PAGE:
If \(f(x) = |x| + 3x^2\) for all real \(x\), then what is \(f^\prime(-1)\)?

This is pretty easy too, we just need to take the derivative of \(f(x)\) and plug in \(-1\). It's a simple enough derivative too, so there's no need to utilize any shortcuts.

\[ f^\prime(x) = \frac{x}{|x|} + 6x \,\]therefore, \(f^\prime(-1) = -1 - 6 = -7\) which is (a).

For what value of \(b\) is the value of \(\int_b^{b+1} (x^2 + x)\ dx\) a minimum?

Generally, how do we find where a function is a minimum (or maximum)? We identify where the derivative is \(0\), right?

Let \(f(x) = x^2 + x\) and \(F(x)\) is the integral of \(f(x)\). Then our result becomes \(F(b+1) - F(b)\). Since \(f(x) = F^\prime(x)\), then we just need to look at where \(F^\prime(b+1) - F^\prime(b) = 0\). Since differentiation and integration are linear operators, a little bit of algebra is all we need to do to find \(b\).

\[\begin{aligned}0 &= f(b+1) - f(b) \\ &= (b+1)^2 + (b+1) - b^2 - b \\ &= b^2 + 2b + 1 + b + 1 - b^2 - b \\ &= 2b + 2 \\ &= 2(b + 1)\\ \\ \therefore\ \ b &= -1 \end{aligned}\]In how many of the eight standard octants of \(xyz\)-space does the graph of \(z = e^{x + y}\) appear?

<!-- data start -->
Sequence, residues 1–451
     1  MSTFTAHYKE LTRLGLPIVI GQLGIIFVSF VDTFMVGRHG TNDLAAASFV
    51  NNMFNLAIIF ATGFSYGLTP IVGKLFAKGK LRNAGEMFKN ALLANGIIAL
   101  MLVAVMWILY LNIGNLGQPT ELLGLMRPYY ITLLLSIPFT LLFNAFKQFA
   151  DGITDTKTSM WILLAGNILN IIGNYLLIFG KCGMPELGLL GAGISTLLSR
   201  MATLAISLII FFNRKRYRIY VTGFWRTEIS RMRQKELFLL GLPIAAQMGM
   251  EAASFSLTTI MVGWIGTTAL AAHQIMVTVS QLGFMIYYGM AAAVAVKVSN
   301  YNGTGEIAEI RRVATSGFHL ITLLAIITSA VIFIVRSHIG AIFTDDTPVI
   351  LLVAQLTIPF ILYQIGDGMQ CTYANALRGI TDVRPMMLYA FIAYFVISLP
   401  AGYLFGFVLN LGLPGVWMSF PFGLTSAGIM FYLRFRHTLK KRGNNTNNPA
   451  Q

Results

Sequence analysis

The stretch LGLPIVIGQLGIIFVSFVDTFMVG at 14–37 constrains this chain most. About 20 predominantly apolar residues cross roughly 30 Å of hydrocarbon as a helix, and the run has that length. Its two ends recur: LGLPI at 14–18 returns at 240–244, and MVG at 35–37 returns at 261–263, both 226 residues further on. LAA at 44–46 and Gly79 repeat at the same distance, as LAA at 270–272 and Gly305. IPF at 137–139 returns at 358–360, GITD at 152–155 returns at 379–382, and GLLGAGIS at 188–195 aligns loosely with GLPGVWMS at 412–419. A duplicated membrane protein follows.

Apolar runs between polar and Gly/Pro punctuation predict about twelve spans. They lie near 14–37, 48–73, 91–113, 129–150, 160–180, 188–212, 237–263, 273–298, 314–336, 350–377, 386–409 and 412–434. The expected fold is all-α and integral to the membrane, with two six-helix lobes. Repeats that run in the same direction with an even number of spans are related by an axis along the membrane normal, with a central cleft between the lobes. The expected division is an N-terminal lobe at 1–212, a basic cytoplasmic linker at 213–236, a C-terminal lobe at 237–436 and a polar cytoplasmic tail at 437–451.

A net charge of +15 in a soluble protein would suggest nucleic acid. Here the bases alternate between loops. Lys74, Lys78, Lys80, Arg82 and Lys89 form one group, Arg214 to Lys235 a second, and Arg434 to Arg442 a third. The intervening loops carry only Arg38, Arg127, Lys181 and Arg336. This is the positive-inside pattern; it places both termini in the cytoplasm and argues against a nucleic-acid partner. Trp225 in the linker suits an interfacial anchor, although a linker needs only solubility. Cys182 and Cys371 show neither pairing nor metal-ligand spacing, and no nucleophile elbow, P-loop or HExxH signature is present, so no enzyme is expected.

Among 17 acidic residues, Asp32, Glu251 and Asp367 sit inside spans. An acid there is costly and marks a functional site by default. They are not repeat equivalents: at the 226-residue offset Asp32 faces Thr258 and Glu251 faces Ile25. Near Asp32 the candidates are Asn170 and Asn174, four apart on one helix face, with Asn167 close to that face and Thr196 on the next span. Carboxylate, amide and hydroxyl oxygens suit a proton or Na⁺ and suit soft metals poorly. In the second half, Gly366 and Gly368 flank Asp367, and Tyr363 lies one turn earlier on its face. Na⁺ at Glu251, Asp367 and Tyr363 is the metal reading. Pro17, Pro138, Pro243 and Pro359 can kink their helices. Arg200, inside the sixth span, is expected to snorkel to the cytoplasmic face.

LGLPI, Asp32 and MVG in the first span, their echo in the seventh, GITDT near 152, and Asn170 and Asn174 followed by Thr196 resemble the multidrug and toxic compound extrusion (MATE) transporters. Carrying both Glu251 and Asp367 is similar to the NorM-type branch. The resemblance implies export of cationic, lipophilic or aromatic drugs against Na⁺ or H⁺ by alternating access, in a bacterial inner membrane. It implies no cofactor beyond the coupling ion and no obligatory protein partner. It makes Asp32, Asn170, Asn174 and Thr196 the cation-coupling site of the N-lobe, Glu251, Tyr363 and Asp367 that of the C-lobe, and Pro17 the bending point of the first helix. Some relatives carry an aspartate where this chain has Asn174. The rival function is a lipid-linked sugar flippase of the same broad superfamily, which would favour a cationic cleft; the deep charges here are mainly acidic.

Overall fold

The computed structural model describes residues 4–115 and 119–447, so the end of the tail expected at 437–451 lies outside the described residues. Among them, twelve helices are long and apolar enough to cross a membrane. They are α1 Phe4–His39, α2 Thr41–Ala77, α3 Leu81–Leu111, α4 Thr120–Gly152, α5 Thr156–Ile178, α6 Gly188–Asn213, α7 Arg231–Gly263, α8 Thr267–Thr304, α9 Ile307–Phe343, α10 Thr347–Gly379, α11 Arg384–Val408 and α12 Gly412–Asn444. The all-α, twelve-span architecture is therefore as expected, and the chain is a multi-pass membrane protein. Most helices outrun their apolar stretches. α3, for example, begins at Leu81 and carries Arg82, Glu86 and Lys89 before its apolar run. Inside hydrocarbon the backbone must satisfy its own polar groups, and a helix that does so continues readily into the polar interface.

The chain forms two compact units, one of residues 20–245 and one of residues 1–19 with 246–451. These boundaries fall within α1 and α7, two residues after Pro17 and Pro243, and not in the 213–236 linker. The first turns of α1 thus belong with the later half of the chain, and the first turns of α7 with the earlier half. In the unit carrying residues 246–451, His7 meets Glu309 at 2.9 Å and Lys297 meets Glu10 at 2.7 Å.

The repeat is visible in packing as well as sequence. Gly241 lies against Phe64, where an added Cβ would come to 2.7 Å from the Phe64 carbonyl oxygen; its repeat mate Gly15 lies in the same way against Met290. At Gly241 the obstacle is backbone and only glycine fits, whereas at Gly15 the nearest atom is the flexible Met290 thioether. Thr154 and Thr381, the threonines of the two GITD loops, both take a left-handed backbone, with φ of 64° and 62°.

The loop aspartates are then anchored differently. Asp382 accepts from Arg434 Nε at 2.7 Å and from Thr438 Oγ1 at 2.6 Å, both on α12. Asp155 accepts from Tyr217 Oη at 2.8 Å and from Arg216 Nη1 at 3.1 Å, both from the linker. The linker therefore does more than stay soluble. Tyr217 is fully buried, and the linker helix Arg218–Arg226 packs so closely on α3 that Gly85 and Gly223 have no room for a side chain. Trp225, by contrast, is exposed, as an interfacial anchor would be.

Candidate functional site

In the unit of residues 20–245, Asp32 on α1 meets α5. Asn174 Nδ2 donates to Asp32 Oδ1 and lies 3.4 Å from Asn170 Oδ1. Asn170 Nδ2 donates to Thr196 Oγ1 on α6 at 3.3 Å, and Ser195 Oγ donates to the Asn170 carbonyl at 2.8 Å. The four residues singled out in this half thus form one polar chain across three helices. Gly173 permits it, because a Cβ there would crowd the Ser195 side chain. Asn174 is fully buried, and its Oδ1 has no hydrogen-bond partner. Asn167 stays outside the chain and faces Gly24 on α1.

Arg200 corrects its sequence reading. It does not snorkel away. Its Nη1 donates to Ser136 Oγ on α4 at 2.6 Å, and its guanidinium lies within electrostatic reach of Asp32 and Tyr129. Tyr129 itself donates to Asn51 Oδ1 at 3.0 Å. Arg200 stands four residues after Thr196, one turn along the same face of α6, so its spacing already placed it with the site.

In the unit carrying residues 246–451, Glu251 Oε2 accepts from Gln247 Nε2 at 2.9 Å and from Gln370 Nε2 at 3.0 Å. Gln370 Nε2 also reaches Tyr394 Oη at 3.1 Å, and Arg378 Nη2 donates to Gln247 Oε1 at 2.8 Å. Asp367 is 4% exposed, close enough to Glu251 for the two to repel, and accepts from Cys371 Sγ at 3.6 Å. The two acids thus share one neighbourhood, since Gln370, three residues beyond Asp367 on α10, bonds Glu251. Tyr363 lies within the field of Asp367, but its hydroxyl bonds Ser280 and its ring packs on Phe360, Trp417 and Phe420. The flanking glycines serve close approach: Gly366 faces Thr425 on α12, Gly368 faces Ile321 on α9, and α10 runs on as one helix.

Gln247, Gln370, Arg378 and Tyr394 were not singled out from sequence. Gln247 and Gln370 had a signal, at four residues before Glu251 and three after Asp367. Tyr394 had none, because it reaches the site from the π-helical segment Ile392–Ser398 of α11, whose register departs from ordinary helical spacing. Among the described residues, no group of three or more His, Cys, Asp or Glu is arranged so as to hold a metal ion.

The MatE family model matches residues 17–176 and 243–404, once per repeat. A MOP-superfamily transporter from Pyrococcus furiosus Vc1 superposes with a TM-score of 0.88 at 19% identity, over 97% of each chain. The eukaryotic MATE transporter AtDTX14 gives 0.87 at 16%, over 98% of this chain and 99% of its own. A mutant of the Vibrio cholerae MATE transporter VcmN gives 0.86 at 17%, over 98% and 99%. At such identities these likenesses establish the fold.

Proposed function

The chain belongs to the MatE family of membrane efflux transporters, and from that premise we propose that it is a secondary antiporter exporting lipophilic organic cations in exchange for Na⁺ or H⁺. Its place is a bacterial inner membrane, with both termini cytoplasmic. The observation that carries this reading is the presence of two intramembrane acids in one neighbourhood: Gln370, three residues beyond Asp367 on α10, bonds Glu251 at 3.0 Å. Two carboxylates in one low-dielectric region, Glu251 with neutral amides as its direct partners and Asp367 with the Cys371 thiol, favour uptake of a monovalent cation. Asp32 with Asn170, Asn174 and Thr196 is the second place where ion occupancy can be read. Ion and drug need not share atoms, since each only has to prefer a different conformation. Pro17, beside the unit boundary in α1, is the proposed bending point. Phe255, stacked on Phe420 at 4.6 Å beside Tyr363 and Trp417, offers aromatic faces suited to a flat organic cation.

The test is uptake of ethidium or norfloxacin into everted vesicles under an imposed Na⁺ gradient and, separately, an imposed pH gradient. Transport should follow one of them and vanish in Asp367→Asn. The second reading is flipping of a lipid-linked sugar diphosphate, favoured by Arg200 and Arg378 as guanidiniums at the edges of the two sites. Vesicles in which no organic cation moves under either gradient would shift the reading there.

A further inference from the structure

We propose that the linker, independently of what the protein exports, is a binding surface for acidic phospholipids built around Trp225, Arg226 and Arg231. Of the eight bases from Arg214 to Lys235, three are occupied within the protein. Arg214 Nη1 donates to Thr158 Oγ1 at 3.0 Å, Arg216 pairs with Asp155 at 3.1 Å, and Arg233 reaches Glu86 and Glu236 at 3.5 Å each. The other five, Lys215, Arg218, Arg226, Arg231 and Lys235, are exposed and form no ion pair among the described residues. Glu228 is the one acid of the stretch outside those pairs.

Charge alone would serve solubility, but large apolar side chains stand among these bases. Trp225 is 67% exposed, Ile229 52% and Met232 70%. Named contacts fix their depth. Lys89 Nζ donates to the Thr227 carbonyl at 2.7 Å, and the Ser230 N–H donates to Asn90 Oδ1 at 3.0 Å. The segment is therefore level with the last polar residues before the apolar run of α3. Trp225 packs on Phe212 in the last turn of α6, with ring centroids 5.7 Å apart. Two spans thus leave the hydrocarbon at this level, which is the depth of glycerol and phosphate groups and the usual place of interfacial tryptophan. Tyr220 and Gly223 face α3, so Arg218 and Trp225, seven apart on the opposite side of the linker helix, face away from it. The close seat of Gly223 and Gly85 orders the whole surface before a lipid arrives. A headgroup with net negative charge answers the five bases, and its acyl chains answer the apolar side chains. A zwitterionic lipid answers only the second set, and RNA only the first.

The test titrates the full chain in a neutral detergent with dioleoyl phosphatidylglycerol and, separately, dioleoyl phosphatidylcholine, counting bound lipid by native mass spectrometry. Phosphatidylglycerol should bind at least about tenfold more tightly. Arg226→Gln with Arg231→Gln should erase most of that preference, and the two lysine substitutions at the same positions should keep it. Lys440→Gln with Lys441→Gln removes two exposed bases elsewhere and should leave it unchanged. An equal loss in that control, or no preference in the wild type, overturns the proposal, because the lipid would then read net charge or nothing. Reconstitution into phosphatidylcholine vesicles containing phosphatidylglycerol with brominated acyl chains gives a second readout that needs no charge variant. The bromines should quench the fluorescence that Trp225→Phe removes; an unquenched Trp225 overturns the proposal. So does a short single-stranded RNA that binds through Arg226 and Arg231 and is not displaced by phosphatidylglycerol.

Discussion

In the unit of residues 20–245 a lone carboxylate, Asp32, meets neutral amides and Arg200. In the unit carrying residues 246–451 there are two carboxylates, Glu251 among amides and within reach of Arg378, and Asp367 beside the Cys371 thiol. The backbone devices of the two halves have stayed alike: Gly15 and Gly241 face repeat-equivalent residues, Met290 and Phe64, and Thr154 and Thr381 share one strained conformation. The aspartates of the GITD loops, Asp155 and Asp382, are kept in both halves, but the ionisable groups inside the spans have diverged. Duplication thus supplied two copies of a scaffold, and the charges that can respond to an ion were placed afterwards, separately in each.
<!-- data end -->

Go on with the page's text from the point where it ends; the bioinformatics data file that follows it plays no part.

This problem requires thinking about the bounds of this function and we don't even need to take any official limits. As \(x\) and \(y\) become more and more negative, they both approach \(0\) and as they become more and more positive, they both approach \(+\infty\). Just thinking about how the function will spread out, it should be pretty obvious that it will never expand below \(z = 0\).

Therefore, the answer is \(4\) or (d).

Suppose that the function \(f\) is defined on an interval by the formula \(f(x) = \sqrt{\tan^2(x) - 1}\). If \(f\) is continuous, which of the following intervals could be its domain?

We haven't been told that we are working in \(\mathbb{R}\), but it's a good assumption given the options.